Canadians looking for student loan relief have a new ally—Ontario’s real estate industry. The Ontario Real Estate Association (OREA), a trade organization representing 90,000 Realtors, released a new report called The ˆImpact of Student Loan Debt On Homeownership. Many students feel their loans are yet another hurdle to ownership, and the organization has a few suggestions, including what is essentially a trade of student debt for down payment funds.
Canadians Claim Student Loans Are Preventing Them From Buying A Home
The report was conducted by Abacus and asked 1,500 young adults about student debt and home buying. Half the students chosen had no debt, and the results are region-weighted, giving Greater Toronto respondents a stronger voice in the results. That last part may be important when discussing housing costs, since the region is much more expensive than the rest of the province.
Key findings include insights on outstanding credit and home-buying intentions. Students with more than $5,000 in student debt tend to claim the debt makes it difficult to save for a home. Students with debt hold about $14,500 on average, and most plan to repay it within 5 years.
As for home-buying intentions, most (75%) plan on becoming homeowners. Despite this, only 3 in 10 were optimistic about their ability to buy. Half of the young adults see themselves stuck living with their parents for at least another decade. Then there’s the outflow issue—over 2 in 5 (42%) plan to move to another province due to affordability.
A few immediate questions come to mind. Is 5 years that much of a burden? Are borrowers struggling to repay an average of $15k already for a mortgage at current values?
National Bank estimates it takes an average of 24 years to save a down payment in Greater Toronto at the current price level. Historically, the average since 2000 has been 6 years, largely boosted by recent data. Would $15k reasonably close this gap?
The answer to most of these questions is “probably not.” However, they do have a few suggestions, so let’s check them out.
Subsidies. Subsidies. Subsidies.
Most of the OREA recommendations involve subsidies, but a few are based on harmonizing systems and leveraging existing resources.
Federal and provincial subsidies for saving a downpayment.
The first and most surprising recommendation is government matching for the new Federal First Home Savings Account (FHSA). For every dollar contributed to the FHSA, OREA suggests a dollar of student loan debt is forgiven. It effectively translates into taxpayers indirectly providing downpayment funds, making a demand inducement scheme even more powerful. This is a surefire way to provide upward pressure on home prices since inefficient markets absorb incentives.
In plain English? It’s pouring gas on a fire.
Eliminate student interest on provincial debt.
This move would see the province follow the Federal government, and eliminate interest accumulation. It’s an idea that still has a taxpayer cost (the province covers the interest) but leaves the student to decide where the cash goes.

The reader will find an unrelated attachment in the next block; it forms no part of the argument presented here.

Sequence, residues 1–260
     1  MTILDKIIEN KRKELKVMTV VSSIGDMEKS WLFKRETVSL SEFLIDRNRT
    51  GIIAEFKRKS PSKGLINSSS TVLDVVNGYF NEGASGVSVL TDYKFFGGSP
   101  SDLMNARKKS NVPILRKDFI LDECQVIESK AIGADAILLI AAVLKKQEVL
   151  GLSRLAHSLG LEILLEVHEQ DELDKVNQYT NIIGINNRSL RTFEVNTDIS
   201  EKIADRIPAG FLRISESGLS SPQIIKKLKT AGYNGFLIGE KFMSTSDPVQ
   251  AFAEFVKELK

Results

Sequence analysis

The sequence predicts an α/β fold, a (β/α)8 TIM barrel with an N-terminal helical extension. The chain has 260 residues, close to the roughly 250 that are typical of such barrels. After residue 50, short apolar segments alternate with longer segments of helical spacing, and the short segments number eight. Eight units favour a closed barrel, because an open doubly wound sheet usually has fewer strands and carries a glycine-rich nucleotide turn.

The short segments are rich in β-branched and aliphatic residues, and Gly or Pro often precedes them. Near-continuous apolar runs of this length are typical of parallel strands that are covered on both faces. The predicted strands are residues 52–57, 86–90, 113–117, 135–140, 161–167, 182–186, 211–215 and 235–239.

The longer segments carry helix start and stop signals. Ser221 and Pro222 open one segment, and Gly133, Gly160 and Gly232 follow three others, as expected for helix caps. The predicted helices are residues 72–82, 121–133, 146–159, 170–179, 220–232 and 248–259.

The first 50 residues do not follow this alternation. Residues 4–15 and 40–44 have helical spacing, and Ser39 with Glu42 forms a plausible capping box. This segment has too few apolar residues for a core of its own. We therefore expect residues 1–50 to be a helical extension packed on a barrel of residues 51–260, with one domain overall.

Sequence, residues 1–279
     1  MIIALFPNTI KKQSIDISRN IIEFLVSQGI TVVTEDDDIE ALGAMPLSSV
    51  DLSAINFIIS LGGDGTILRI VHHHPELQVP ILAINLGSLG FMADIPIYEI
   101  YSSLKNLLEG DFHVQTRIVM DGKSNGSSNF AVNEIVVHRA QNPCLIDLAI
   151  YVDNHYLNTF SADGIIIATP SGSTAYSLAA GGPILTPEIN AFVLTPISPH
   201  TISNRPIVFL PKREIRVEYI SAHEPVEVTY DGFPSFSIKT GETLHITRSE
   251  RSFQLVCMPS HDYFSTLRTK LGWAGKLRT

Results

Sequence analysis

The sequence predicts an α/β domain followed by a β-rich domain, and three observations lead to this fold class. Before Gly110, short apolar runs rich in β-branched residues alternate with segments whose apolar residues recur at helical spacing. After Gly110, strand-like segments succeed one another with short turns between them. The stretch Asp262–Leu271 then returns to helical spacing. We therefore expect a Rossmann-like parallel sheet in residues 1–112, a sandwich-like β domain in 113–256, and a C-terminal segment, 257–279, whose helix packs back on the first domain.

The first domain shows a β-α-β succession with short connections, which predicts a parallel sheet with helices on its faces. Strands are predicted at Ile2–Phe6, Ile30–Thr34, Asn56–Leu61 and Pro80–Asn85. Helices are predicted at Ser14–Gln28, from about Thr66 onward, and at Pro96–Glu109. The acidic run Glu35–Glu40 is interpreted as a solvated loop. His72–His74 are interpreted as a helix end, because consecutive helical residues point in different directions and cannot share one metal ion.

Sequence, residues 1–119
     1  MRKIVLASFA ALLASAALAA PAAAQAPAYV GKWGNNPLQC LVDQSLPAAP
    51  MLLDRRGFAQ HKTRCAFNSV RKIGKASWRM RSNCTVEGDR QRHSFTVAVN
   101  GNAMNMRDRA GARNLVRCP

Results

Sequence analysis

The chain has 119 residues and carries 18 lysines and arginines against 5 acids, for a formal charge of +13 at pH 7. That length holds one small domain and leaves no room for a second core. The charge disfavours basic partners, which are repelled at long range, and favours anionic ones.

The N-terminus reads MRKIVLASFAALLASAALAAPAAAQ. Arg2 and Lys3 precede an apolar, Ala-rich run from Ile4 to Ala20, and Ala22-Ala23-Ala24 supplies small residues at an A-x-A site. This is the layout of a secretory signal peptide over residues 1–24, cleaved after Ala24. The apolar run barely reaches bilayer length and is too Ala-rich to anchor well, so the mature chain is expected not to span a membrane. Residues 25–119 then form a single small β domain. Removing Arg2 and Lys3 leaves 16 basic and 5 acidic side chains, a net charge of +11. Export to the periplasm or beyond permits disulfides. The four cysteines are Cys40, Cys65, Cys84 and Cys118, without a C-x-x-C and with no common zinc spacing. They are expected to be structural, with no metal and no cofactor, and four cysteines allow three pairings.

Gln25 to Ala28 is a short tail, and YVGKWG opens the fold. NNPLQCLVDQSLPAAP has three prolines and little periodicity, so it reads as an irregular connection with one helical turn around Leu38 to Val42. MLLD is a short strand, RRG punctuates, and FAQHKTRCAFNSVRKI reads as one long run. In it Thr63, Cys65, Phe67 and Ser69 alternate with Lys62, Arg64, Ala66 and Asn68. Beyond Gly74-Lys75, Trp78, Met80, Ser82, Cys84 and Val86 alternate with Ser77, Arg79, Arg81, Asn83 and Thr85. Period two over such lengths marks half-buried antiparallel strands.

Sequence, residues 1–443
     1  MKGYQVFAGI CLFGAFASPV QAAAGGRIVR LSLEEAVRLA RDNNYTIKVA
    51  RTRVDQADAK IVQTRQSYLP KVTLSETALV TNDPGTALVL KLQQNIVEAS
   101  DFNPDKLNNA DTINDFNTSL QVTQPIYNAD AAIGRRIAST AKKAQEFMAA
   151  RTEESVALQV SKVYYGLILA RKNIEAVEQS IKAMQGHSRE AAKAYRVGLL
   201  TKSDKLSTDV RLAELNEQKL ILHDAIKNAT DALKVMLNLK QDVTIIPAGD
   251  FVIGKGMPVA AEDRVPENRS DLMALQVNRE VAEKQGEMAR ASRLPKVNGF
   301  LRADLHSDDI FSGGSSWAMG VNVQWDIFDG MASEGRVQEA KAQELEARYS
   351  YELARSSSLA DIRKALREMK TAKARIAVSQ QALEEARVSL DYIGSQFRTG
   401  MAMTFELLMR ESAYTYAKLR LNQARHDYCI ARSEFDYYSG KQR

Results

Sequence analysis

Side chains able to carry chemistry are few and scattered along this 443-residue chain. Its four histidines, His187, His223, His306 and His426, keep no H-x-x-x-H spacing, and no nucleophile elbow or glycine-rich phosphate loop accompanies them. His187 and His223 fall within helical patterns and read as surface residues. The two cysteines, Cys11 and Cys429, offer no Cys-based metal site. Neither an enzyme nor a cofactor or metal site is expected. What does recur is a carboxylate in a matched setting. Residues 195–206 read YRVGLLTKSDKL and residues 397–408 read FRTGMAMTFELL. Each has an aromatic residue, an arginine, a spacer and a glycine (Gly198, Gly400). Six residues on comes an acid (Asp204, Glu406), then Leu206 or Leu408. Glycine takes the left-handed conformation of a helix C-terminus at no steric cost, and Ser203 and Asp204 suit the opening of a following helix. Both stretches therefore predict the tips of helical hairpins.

It may have moral benefits, but central bank research found that lower interest costs didn’t translate into savings when it came to home prices, but instead sellers captured the additional funds. Measures to prevent institutions from capturing the additional tuition debt servicing capacity would also have to be made, or taxpayers would just be indirectly inflating tuition too.
Assuming that’s resolved, there’s still the primary issue. If an average of $15k is a hurdle to repay, a mortgage in Ontario is likely to be an impossible task.
Increase the repayment grace period.
Current provincial loan recipients get a 6 month grace period before interest payments kick in. OREA’s findings have led them to suggest more time is needed to find stable employment, and the period should be extended to 1 year.
It’s a relatively low-cost way to help students, but the point that jumps out is, this conflicts with the labor boom narrative that’s helped to drive home prices higher. The narrative is there’s so many skilled and well-paying jobs that Canada has to search the globe for talent to fill the roles… but also, it’s difficult to find employment after graduation? Okay.
Automatic repayment assistance upon tax filing.
Graduates should be qualified for the repayment assistance program (RAP) automatically when filing their income taxes. The RAP covers interest payments for low-income students, but it currently requires an application submission. The automation would help to increase uptake.
Partner with the National Student Loan Service Center to create an online hub
The creation of a centralized repository for provincial and federal student loan information, including costs and repayment.
The last two points make sense, but is this actually the barrier to homeownership?
The issue of student loan forgiveness is two discussions—one of moral obligation and one of business. If society deems the cost of post-secondary necessary, the justification of loan forgiveness makes sense. However, it should require controls that limit the amount institutions can yield from taxpayers, or risk becoming a source for industry to exploit. Public institutions and private colleges, the latter of which have little regulation.
As for OREA’s argument that student debt is the barrier to ownership? It falls flat and appears to be a feeler to see how much support can be captured for further industry subsidies. It’s also a stretch when compared to housing costs. Home prices have increased roughly 60% since 2020—sometimes hitting growth greater than the average student debt over just a single month.